The course is conducted by the OECD and the IMF and uses both theory and case studies based on the experiences of the OECD and MENA countries. Participants are encouraged to also share their own national experiences. Speakers have a deep and varied knowledge of the topic from the public and private side. The course is conducted in an informal and frank manner to encourage general participation and lively discussions.

Course Objectives:  Upon completion of the course, participants should be able to:

  • Gain in-depth knowledge on how to enhance public procurement systems and how to implement efficient policies;
  • Learn how to manage complex procurement and infrastructure projects covering the whole procurement cycle: the preparation phase, the implementation phase, and the termination phase;
  • Gain in-depth knowledge of governance and risk assessment of the procurement areas which are most vulnerable including large infrastructure projects;
  • Be provided with multiple and concrete examples of projects and how to maximize success and value for money; The examples are based on the OECD and peers experience; and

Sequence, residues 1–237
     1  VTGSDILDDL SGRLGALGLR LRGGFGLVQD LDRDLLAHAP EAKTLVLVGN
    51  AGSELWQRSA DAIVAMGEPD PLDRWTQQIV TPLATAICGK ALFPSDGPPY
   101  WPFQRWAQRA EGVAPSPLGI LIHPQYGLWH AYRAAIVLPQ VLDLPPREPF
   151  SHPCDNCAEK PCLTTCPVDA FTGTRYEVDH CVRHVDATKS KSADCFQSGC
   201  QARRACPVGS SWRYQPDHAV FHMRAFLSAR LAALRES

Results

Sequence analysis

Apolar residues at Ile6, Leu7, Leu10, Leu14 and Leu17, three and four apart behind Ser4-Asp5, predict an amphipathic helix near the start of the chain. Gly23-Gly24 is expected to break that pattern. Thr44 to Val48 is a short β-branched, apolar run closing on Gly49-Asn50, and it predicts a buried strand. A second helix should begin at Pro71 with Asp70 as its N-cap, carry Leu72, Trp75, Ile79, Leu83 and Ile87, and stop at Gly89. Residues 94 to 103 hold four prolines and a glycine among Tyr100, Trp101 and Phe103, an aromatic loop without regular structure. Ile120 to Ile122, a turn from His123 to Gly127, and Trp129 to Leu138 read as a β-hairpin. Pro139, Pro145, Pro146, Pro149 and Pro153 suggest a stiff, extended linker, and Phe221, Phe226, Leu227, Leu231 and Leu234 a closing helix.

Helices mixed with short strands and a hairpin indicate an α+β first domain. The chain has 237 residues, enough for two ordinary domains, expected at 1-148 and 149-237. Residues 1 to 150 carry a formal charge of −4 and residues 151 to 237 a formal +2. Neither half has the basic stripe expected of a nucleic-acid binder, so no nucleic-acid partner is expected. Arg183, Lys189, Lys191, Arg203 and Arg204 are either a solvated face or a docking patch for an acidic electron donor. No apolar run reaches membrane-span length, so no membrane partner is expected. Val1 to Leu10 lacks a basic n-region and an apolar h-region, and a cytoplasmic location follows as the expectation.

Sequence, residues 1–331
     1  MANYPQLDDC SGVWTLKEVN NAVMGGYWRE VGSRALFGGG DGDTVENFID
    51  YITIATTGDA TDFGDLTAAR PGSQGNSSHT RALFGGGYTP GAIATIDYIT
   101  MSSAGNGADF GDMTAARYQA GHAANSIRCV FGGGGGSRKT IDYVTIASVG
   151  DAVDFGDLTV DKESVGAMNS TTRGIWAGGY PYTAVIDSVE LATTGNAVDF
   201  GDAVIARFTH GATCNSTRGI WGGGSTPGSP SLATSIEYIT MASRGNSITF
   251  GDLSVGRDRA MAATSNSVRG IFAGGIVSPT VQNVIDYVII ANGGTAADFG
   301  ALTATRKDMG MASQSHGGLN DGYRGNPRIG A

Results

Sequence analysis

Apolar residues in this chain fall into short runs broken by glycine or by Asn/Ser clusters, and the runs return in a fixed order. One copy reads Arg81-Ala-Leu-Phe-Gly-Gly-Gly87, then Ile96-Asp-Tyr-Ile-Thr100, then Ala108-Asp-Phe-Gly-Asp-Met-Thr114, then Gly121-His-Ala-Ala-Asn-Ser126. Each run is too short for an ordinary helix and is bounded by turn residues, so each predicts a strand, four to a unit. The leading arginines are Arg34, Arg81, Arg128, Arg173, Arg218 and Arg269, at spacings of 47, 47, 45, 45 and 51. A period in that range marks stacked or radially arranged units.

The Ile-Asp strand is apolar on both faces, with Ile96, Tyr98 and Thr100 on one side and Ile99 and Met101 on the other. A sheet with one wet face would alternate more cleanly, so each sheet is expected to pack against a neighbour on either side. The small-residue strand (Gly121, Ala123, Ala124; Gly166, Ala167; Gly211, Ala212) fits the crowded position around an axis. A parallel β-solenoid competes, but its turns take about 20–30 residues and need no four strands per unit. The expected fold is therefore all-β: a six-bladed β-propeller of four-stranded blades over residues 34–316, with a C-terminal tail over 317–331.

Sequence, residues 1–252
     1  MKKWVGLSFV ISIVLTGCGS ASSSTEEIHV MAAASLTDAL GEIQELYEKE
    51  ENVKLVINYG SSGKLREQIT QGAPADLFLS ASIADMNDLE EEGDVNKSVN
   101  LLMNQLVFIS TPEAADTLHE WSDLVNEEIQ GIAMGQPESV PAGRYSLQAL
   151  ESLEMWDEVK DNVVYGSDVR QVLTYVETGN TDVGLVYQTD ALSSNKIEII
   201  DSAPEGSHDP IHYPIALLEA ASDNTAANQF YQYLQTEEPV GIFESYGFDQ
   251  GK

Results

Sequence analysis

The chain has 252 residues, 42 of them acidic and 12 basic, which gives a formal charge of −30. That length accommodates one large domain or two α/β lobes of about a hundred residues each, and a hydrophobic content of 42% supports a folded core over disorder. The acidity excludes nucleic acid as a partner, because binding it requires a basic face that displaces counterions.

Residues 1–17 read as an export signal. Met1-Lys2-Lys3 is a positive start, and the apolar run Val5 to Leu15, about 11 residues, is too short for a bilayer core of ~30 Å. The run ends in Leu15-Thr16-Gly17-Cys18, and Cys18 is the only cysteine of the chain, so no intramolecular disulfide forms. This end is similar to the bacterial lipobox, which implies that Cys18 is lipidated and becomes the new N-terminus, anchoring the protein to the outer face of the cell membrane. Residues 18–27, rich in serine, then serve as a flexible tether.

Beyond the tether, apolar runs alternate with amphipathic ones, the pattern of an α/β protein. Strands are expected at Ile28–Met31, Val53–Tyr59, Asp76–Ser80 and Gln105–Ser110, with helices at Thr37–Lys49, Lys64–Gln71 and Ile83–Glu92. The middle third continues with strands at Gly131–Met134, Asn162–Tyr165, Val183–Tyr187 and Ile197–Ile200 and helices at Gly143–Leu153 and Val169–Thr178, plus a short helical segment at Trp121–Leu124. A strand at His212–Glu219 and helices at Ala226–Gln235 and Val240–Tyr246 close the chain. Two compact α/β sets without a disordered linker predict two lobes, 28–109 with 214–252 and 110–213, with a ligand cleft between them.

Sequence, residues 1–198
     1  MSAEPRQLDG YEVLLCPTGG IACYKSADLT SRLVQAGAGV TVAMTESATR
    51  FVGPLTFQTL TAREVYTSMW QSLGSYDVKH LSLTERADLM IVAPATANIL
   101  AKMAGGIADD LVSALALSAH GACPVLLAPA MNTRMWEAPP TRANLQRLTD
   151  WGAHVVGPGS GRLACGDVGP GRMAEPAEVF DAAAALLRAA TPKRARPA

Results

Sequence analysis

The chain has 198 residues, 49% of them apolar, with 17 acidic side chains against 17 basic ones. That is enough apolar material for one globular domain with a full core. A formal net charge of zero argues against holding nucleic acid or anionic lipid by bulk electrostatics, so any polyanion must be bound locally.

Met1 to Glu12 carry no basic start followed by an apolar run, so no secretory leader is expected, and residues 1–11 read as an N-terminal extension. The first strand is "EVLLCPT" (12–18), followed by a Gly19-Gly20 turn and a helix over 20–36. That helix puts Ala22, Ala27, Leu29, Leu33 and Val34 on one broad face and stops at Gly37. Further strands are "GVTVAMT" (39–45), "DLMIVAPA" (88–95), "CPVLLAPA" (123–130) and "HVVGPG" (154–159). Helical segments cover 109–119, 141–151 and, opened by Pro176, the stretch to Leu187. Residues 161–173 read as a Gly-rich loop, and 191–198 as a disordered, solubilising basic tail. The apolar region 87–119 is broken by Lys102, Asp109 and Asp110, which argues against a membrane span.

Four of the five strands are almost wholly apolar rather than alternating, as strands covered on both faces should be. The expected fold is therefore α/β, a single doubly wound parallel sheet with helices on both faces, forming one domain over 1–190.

• Expand their professional networks and learning from other participants.

For additional information concerning the content of the course, please address your inquiries to Ms. Kenza Khachani, at: Kenza.KHACHANI@oecd.org

 

CE19.32 - Parliamentary Workshop for Members of Parliament in the MENA Region (PARL-MENA)

Course Date Course Number Sponsor
September 3–5, 2019 CE19.32 World Trade Organization and IMF Communications Department

Target Audience: Members of Parliament currently serving on budget/finance/trade/economic development committees.

Qualification: Participants should have a strong interest in economic and trade-related issues.

Language: The workshop is conducted in English with simultaneous interpretation to Arabic.

Course Description: This three-day workshop is organized jointly by the IMF and WTO. IMF and WTO staff are assisted by lecturers from the IMF’s Middle East Center for Economics and Finance in the design and delivery of the sessions. The workshop engages the participants in practical and hands-on exercises aimed at enhancing their understanding of the work of the IMF and WTO and enabling them to better understand the institutions’ policy decisions and recommendations. An important component in achieving this objective will be providing the participants with the opportunity to engage directly with IMF and WTO staff on a variety of economic and trade-related topics that are directly relevant to the ongoing policy debates in their countries. Equally important will be the opportunity for peer-to-peer discussions with counterparts from other countries in the region. In this way, it is hoped that the workshop will help build capacity among members of parliament, enabling them to more effectively carry out their oversight responsibilities regarding their governments’ economic and trade policy and laws, as well as more fully comprehend the IMF’s and WTO’s policy recommendations.